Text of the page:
ARRL

ARRL Propagation Bulletin ARLP009 (1998)

SB PROP @ ARL $ARLP009
ARLP009 Propagation de K7VVV

ZCZC AP09
QST de W1AW
Propagation Forecast Bulletin 9  ARLP009
From Tad Cook, K7VVV
Seattle, WA  February 27, 1998
To all radio amateurs

SB PROP ARL ARLP009
ARLP009 Propagation de K7VVV

Solar activity retreated again last week, with average sunspot
numbers down twenty points and average solar flux down about five.
Geomagnetic conditions were relatively quiet.  Quiet conditions are
expected to continue over the next few days, with the Friday through
Sunday solar flux predicted to be 93, 92 and 90.  Stable geomagnetic
conditions should be good for the CQ Worldwide 160 Meter SSB Contest
this weekend.  Currently the most active solar region is number
8164, with 18 sunspots.

Over the next week look for solar flux to drift below 90, then rise
above 90 after March 8, above 100 around March 12, and below 100 by
March 18.  Over the next month the days will be getting longer in
the northern hemisphere, and we can look forward to typical Spring
conditions with more daylight openings on the higher bands.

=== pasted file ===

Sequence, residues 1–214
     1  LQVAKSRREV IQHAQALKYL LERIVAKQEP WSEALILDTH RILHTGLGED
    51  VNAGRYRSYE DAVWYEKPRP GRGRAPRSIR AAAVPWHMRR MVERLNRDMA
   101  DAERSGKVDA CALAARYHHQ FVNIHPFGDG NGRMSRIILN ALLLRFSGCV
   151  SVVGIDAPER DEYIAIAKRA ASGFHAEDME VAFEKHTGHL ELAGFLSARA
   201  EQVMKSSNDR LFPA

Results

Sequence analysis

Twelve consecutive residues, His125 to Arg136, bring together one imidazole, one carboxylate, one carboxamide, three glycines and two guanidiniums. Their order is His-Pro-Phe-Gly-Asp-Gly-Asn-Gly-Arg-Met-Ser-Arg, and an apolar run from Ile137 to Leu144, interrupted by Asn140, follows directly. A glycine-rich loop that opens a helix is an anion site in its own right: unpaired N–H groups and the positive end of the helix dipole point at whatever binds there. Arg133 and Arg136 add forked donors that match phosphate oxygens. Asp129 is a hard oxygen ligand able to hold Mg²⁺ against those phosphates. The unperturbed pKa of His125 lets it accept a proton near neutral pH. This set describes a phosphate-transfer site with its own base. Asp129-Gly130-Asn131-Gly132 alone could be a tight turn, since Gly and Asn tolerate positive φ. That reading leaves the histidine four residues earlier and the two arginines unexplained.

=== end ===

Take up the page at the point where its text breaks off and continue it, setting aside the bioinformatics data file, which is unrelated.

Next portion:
A chart on the web at http://www.dxlc.com/solar/cyclcomp.html
compares the current solar cycle, now 21 months old, with the two
previous cycles, dating back to June, 1976.  This is part of the DX
Listener's Club of Norway website mentioned in Propagation Bulletin
ARLP006.  The monthly smoothed sunspot number is obviously lagging
for this cycle, and the month-by-month graphic comparison makes this
very clear.

K7EEC wrote to ask that if flux numbers are high, does this mean
that propagation is probably better?  He also asked what the flux
numbers measure.  (Questions and comments are welcome via email to
tad@ssc.com).

High solar flux is good for HF propagation, especially if A and K
indices are low.  During the peak of the sunspot cycle the solar
flux is higher.  Solar flux is a measurement of radio energy emitted
by the Sun at 10.7 cm wavelength, which is 2800 MHz.  This seems to
correlate with ionization of the ionosphere.  The denser the
ionization, the higher the frequencies that it can reflect.  More
information can be found in Chapter 21 covering propagation in the
1998 ARRL Handbook, or The New Shortwave Propagation Handbook, by
Jacobs, Rose and Cohen, published by CQ Magazine.

Sunspot Numbers for February 19 through 25 were 57, 29, 28, 38, 59,
78 and 69 with a mean of 51.1.  10.7 cm flux was 98, 95.7, 94.8,
95.5, 99.4, 98.6 and 94.7, with a mean of 96.7, and estimated
planetary A indices were 7, 7, 4, 6, 11, 3, and 4, with a mean of 6.
NNNN
/EX